Because of God’s inspiration of Scripture, believe that what you are reading was meant for you as well as for the first recipient of the message. Without that attitude you’ll rarely perceive the application of the passage of Scripture to your personal situation. Meditation is not an end in itself. Deep thinking on the truths and spiritual realities of Scripture is the key to putting them into practice. It is by means of meditating on the Bible that facts are fleshed out into practical application.

If one reads, hears or studies God’s Word without meditating on it, no wonder “applying Scripture to concrete situations” is difficult. Perhaps we could even train a parrot to memorize every verse of Scripture that we do, but if we don’t apply those verses to life, they won’t be of much lasting value to us or the parrot. How does the Word memorized become the Word applied? It happens through meditation.

Most information, even biblical information, flows through our minds like water through a sieve. There’s usually so much information come in each day and it comes in so quickly that we retain very little. When we meditate the truth remains and percolates. We can smell its aroma more fully and taste it better. As it brews in our brain the insights come. The heart is heated by meditation and cold truth is melted into passionate action.

Psalm 119:15, “I will meditate on your precepts and fix my eyes on your ways.” It was through meditation on God’s Word that the psalmist discerned how to regard God’s ways for living, that is, how to be a doer of them. The way to determine how any Scripture applies to the concrete situations of life is to meditate on that Scripture.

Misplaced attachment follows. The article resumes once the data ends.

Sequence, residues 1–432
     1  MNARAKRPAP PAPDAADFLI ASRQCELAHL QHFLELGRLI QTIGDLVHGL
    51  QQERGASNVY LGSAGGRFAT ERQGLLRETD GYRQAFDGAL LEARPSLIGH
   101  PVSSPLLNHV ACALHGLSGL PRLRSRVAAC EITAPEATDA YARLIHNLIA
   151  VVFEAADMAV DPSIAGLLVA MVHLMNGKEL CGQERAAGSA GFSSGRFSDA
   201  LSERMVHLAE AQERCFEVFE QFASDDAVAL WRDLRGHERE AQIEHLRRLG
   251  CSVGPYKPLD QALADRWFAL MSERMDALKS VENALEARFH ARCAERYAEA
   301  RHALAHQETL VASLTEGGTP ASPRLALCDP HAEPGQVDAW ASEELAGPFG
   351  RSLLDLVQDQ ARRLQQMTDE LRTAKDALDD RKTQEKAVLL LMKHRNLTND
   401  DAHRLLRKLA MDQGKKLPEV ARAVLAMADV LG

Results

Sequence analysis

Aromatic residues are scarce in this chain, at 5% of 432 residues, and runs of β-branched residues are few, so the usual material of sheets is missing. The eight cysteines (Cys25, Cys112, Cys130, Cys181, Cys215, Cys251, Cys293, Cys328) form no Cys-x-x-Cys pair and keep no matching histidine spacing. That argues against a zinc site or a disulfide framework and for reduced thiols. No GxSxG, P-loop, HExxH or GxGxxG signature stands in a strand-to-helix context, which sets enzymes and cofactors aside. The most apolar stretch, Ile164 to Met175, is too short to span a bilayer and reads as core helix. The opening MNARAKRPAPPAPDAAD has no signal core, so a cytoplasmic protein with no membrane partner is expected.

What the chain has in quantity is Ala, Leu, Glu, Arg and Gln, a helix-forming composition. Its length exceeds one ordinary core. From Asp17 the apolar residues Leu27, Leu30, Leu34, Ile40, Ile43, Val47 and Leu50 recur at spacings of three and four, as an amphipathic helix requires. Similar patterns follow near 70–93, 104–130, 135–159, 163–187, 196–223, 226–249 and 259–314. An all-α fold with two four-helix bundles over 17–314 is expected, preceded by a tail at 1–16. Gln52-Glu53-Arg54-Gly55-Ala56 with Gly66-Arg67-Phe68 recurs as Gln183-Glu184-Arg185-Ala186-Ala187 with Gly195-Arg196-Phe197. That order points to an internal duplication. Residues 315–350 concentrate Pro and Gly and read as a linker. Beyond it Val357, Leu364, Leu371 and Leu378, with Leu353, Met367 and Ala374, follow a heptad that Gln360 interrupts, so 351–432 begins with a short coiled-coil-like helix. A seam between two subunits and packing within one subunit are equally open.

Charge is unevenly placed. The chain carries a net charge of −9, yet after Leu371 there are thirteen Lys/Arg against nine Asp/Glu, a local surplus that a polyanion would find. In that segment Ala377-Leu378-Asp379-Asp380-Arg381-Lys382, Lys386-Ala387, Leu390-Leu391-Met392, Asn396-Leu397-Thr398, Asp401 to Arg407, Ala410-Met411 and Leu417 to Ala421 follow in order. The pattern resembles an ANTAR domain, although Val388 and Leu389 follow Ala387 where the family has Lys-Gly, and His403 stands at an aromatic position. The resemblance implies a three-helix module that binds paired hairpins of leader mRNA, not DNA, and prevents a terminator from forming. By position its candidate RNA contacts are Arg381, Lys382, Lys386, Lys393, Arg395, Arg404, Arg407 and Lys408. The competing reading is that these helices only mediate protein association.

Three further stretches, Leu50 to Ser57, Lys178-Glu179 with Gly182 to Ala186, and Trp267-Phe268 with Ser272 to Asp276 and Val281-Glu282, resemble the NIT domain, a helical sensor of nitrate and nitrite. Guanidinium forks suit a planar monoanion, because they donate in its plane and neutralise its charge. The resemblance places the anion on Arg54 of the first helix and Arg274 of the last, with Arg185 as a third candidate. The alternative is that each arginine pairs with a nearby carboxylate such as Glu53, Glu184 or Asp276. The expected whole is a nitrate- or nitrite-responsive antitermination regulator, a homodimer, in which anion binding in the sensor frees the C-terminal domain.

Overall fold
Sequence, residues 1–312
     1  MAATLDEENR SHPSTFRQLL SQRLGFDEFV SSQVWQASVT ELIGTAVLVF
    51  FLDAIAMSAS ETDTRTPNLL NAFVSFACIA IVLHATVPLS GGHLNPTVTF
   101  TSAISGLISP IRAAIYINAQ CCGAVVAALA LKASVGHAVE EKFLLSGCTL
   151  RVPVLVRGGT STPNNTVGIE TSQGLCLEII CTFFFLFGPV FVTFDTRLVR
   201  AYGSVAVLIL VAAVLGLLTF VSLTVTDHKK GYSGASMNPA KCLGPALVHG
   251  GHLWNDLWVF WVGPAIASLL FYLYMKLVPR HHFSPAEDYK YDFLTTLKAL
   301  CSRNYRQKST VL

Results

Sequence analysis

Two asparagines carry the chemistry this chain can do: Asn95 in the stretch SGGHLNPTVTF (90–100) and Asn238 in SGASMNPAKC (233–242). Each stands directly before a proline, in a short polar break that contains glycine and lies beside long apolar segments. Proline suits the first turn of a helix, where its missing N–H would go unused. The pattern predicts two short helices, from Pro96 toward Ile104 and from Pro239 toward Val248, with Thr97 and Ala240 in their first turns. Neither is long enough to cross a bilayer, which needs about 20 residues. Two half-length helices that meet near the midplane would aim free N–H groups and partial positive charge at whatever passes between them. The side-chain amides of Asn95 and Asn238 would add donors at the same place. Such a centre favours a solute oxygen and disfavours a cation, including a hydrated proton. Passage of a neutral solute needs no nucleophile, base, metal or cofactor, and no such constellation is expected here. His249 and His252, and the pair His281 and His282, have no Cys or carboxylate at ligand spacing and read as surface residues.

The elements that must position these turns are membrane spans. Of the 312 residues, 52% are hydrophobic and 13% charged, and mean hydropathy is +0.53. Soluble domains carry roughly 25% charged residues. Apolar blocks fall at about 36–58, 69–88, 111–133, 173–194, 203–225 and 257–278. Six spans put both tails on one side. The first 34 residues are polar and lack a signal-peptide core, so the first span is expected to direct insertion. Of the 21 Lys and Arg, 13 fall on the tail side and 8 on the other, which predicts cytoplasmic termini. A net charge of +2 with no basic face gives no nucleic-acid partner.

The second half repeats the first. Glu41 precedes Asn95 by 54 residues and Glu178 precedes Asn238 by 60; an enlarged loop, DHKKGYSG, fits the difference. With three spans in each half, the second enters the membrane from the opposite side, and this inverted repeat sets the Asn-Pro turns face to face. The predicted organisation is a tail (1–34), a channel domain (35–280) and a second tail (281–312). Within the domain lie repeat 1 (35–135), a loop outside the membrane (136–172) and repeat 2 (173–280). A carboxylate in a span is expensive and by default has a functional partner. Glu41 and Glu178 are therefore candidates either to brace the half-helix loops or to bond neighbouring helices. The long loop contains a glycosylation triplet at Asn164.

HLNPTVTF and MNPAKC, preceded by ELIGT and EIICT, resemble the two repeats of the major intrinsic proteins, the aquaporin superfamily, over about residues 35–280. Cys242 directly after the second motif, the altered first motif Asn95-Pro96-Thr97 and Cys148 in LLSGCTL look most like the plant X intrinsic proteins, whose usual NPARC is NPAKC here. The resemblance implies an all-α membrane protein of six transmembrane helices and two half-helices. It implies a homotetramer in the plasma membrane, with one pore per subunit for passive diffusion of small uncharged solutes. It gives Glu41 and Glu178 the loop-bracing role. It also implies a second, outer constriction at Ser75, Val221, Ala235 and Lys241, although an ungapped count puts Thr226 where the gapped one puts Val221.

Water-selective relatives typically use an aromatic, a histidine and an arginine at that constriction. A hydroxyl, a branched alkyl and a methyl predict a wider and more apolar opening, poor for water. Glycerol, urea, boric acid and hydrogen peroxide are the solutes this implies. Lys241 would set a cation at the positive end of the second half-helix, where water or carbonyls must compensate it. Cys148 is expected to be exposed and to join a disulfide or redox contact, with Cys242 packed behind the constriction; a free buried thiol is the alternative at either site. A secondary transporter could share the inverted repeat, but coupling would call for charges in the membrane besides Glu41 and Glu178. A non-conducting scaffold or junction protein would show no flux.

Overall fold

Asking questions is one of the ways to meditate. The more questions you ask and answer about a verse of Scripture the more you will understand it and the more clearly you will see how it applies. Here are some examples of this: Does this text reveal something I should believe about God? Does this text reveal something I should praise or thank or trust God for? Does this text reveal something I should pray about for myself or others? Does this text reveal something I should have a new attitude about? Does this text reveal something I should make a decision about? Does this text reveal something I should do for the sake of Christ, others or myself? There are times when a verse of Scripture will have such evident application for your life that it will virtually jump off the page and plead with you to do what it says. More often than not, however, you must interview the verse, patiently asking questions of it until a down-to-earth response becomes clear.